The recently released 13th Global Fraud Survey from EY notes that, despite an aggressive enforcement environment focused on fraud, bribery and corruption, “the percentage of companies that have anti-bribery/anti-corruption policies has increased by only 1% over the past two years, and a persistent minority has yet to take even the basic steps toward an effective compliance program.”
Additionally, an alarming minority of C-suite executives admitted they are willing to justify unethical conduct to meet goals. At the same time, reported fraud and corruption remain high, while the amount of risk assessment, helpline implementation, corruption training and discipline are disappointingly low. Based on the results of the past 10 years of doing this survey, the authors state that there is “a level of unethical conduct that businesses are unable to eradicate.”
Such bad news may suggest that ethics and compliance programs are not doing their jobs. That is absolutely not true. In fact, high performing programs dig into issues like those uncovered in the survey and find creative ways to remediate them. The net outcome is a more effective ethics and compliance program, a stronger culture of integrity and a more successful company.
Reaching Peak Program Effectiveness
Below are six key ways to strengthen your ethics and compliance program—particularly addressing the issues of non-engagement and persistent misconduct, as well as increasing program effectiveness.
1) Move away from a “check the box” mentality. Sure, your program may have all the right parts, but is it impacting your culture? A rigorous culture assessment yields big dividends by uncovering simmering trouble spots in your organization where ethics and compliance has not penetrated. The assessment process should be multi-pronged, including many data gathering tools, such as focus groups, interviews, surveys and data mining.
2) Find one or more executive champions—the higher the better. If your efforts to engage the board and executives fall flat, identify at least one leader who “gets it” and ask them for help. A high-ranking champion can often accomplish what you cannot, and can increase receptivity to discussions related to leadership oversight and ethics responsibilities. He or she can also break down resistance to training, presentations to the board, and other compliance activities that must include, and be supported by, these leaders.
3) Get involved in, or start, due diligence processes. Your organization likely conducts background checks on new hire candidates, but what about due diligence on third party business partners both up and down stream, such as vendors and distributors? The EY survey revealed that 38 percent of businesses never conduct forensic or anti-corruption due diligence during mergers and acquisitions. The software programs available now not only vet third parties before contracting, but can help monitor them for signs of misconduct on an ongoing basis. These are powerful prevention and detection tools that can protect an organization’s reputation and long-term success.
4) Collaborate with other departments. There are many ways this pays off. Try working across departments to identify sentinel data that can help you detect wrongdoing. For example, legal has third party contracts and accounts payable sends checks. By working together and including audit, you can monitor whether payments comply with the terms of the contracts. You could also work with risk management to include ethics and compliance risks in their assessments. Risk management can also be a good partner to help you make the case for new and emerging risks that may not be high on the board’s risk list.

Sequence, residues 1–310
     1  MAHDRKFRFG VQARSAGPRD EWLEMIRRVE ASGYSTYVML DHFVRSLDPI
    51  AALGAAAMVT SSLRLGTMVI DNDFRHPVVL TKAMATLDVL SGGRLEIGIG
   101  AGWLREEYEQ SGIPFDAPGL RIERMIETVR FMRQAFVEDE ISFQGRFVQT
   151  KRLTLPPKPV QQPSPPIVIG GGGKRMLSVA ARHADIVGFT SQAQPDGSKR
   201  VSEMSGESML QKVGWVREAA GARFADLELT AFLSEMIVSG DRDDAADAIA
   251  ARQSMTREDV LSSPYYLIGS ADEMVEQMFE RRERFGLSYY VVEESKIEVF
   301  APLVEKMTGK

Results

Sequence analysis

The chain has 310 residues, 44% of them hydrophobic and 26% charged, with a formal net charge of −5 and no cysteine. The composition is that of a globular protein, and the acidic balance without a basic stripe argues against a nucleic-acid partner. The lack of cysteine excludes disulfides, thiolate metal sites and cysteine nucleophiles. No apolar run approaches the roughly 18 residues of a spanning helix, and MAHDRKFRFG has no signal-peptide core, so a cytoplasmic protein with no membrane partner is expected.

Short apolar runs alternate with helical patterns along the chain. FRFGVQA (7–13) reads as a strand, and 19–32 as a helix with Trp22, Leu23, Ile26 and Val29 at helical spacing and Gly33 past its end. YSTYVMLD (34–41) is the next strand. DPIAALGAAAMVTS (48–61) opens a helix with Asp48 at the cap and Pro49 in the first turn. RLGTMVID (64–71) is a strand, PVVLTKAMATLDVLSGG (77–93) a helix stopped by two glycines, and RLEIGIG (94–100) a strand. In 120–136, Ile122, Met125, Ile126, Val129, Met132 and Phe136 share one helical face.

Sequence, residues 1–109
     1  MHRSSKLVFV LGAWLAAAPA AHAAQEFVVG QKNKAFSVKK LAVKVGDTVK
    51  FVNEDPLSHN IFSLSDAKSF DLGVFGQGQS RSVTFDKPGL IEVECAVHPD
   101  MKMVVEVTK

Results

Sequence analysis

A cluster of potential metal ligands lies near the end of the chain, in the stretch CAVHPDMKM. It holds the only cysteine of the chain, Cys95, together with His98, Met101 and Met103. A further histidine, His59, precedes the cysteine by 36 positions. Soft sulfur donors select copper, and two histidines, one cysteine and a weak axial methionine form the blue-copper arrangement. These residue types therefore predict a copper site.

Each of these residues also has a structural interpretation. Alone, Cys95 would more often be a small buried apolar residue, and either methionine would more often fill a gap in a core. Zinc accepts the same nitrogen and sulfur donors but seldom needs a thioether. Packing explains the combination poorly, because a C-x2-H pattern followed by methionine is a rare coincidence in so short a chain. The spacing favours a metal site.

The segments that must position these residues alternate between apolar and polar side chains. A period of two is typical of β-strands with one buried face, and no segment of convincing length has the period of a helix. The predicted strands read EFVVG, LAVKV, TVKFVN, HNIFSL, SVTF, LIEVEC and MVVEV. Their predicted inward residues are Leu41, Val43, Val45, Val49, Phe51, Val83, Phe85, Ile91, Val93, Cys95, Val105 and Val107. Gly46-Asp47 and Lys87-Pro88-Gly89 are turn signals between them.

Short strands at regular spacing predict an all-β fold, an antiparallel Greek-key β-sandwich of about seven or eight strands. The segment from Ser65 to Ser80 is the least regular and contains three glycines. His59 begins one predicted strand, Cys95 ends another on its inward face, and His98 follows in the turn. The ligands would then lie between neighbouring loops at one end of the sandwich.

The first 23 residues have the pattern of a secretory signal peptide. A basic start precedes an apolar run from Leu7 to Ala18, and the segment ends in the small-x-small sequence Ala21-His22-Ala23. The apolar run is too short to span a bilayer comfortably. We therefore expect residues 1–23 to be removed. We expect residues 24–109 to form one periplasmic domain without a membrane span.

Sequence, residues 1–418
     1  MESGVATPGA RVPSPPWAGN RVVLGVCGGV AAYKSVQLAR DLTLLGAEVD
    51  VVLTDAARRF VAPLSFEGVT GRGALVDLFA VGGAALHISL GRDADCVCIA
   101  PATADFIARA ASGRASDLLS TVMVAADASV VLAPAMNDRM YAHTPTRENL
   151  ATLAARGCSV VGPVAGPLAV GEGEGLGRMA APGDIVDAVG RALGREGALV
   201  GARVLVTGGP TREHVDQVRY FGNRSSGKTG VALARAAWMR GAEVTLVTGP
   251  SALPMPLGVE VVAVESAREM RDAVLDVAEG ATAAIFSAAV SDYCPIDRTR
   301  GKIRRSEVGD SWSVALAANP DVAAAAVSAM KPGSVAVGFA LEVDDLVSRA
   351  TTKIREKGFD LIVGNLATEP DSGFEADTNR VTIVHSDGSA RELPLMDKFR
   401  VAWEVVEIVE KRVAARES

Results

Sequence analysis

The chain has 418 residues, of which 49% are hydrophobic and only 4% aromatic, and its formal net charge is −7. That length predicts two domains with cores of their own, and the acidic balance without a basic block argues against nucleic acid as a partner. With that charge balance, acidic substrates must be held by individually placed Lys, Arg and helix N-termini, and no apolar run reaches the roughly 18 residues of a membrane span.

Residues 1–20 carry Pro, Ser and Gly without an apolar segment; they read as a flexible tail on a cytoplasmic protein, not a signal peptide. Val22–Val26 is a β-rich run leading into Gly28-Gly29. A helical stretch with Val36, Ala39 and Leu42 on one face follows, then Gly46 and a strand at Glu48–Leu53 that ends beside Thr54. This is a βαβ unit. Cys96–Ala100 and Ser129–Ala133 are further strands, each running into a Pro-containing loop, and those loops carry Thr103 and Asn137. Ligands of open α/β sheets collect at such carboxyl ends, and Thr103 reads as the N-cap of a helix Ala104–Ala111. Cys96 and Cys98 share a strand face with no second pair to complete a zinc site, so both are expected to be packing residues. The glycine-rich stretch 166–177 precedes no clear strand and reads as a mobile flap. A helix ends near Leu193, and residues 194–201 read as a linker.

5) Revitalize executive training. Our 2014 Ethics and Compliance Training Benchmark Report shows that training is insufficient or non-existent for boards, third parties and middle management. These are groups that can get you into trouble due to the risks they represent. Work to teach the board and top executives more about their oversight and ethics responsibilities. And if you cannot get in front of them and online training will not work, invite an outside party to do the job. We know that consultants sometimes are considered more credible than the folks in our own organizations. Increasing or instituting training in these areas underpins culture and strengthens prevention of misconduct.
6) Demonstrate that your ethics and compliance program makes a difference. Mine your organization’s data to show program effectiveness. Correlate compliance activities to changes in company data, where possible. For example, if anti-corruption training just concluded, monitor the helpline data, legal issues and expense report audits during the next couple of quarters for any sentinel changes. Review employee satisfaction survey results to find potential problem locations, business units or managers. Gather more data through interviews and focus groups to identify what is going on relative to ethics and culture in these problem areas. Compliance is often involved in any remediation.
Long-Term Commitment to Ethics & Compliance Programs Pays Dividends
To move the needle on engagement and misconduct, it takes a multi-pronged approach and a lot of commitment and creativity by the ethics and compliance team. The ideas for action included here are only a few among many.
Clearly, ethics and compliance programs have too much to contribute toward the success of any organization to give up on them now. For more ideas on reaching peak program effectiveness, watch our webinar, “Success or Failure: Has Ethics & Compliance Lived Up to Its Potential?” or visit our resource center.